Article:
Tell Me

It surprised me the first time I met Kate Bornstein.  I had read Gender Outlaw in the parking lot of the bookstore on the day they called me to tell me it arrived.  To me, Kate was saying new things about moving beyond assumptions, against the old Benjamin/Prince models, things I needed to hear, seeds that might grow pride.

“When are you scheduled for surgery?” Kate asked me when we first met, some 14 years ago now.   When I said that I hadn’t planned on surgery, she immediately assumed that I must be a crossdresser, and wanted to get to know Veronica Vera.

Magical Kate, and there it was: the TV/TS binary almost the first thing out of her mouth.   I have seen Kate in many garbs and guises since then, the life of a metamorph, and we both have moved a long way.

Goblyn Queenne notes that only trannys are rude enough to ask her about the shape of her genitals, at birth or currently.   Others just want to know about her choices, her role, her desires, her life.

I never ask transpeople about how they fit into some matrix any more.  Yeah, I want to know who they are & who and what they love, but I don’t think their experience of genitals tells me very damn much about them, any more than knowing about someone’s genitals tells you about them.

It’s an old teaching I use; if I tell you the shape of someone’s genitals, what can you tell me about them?  Can you tell me who they love?  Can you tell me if they cook well?  Can you tell me how tall they are?  We may have all these stereotypes about penised vs. non penised people, and they have some truth; penised people are usually taller than non-penised people, for example.  But using those stereotypes to know something about any individual is impossible.  Some people identified as male are 5′ 1″ and some people identified as female are 6′ 3″   That’s what trans is about to me, accepting people as individuals, not as extensions of some assumptions about group features.

So when I meet a new transperson, I don’t ask them to tell me where they fit in some context I have.   Instead, I just ask them to tell me a story.

It’s when I listen to someone’s narrative about what they consider important or interesting or funny that I learn about who they are by hearing the choices they make in telling me their story.    Admittedly, their story may be about “op-status” or some such, but when they tell me that, I know about where they are now.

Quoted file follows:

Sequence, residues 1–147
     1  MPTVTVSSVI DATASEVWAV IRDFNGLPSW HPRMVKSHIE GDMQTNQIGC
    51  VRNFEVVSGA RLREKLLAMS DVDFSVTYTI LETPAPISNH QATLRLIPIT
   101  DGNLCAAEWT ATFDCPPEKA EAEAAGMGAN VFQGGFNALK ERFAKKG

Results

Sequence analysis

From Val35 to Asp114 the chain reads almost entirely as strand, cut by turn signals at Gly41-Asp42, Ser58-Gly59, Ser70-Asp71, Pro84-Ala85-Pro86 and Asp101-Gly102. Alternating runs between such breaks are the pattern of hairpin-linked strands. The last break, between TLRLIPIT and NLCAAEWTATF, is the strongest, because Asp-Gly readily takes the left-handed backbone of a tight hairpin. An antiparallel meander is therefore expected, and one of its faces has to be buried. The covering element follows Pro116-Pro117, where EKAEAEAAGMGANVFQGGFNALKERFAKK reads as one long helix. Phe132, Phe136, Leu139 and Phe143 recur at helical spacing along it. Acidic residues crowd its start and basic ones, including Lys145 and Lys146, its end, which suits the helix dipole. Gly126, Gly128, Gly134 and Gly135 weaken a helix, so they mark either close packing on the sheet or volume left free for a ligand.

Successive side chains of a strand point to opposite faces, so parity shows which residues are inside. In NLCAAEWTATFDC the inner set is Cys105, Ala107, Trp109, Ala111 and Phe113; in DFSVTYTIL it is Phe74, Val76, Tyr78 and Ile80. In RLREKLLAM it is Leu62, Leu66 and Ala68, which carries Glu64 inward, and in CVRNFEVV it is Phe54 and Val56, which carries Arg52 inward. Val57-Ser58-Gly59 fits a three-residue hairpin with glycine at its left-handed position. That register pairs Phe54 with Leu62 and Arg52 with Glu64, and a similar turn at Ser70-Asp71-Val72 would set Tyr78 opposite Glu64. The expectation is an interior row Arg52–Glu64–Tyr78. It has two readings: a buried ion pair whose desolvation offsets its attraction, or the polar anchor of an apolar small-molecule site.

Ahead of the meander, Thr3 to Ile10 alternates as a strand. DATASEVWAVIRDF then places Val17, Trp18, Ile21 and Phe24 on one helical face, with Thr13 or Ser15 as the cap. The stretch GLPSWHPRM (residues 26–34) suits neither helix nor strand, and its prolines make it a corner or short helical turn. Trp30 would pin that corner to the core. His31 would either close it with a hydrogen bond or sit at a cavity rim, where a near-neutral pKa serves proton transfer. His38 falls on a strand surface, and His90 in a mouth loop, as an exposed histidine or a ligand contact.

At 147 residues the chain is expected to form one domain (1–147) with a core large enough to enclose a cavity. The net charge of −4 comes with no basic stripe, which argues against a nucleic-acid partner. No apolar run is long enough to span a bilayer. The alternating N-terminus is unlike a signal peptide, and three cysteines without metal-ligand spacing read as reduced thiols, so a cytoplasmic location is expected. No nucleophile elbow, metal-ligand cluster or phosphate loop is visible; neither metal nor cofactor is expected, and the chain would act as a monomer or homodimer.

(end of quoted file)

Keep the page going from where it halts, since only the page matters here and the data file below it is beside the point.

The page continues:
Today, when I start to hear someone start by explaining the difference between crossdressers and drag queens and transsexuals and such, I just leave the room.   They are almost always explaining this differential diagnosis not to tell you who they are, but rather to tell you who they are not.  “I’m not one of those damn _______” goes the cry, and when I hear that cry, I know that this is someone who does not yet know who they are, only who they want to be, and that means as much as a fart in the dark.  It may give you a sense of where they are now, but contains not one whit of useful narrative.

We are stories, we humans.  The biggest gift we ever get is the gift of symbolic language, of the ability of recounting experiences, feelings, thoughts, beliefs, imagination and desire to others through symbols.  We don’t just shape our stories — in fact, few humans move to consciously shaping story — but are shaped by our stories, the stories we are issued, the stories we grab onto, the stories that justify and rationalize our choices, the stories that clothe our deepest dreams.

So don’t tell me your experience, or how you fit into some matrix you heard once.

Tell me your story, and by that I will begin to know you, starting where you follow the contours of culture and where you cross those lines.

I am the shadows my words cast, as Octavio Paz said.  And I think that you are the shadows your words cast, even if that scares you, and you want to be your claims, your carefully shaped resume, your projected illusions, want to shout down those who offer a glimpse of something you try to hide in your own expression.

You are human.  You are your stories, with all their contradictions and ambivalence,  because your stories reflect your choices, and your choices are based in your stories.

So tell me that, and by that you may be seen.

Even if that scares you.

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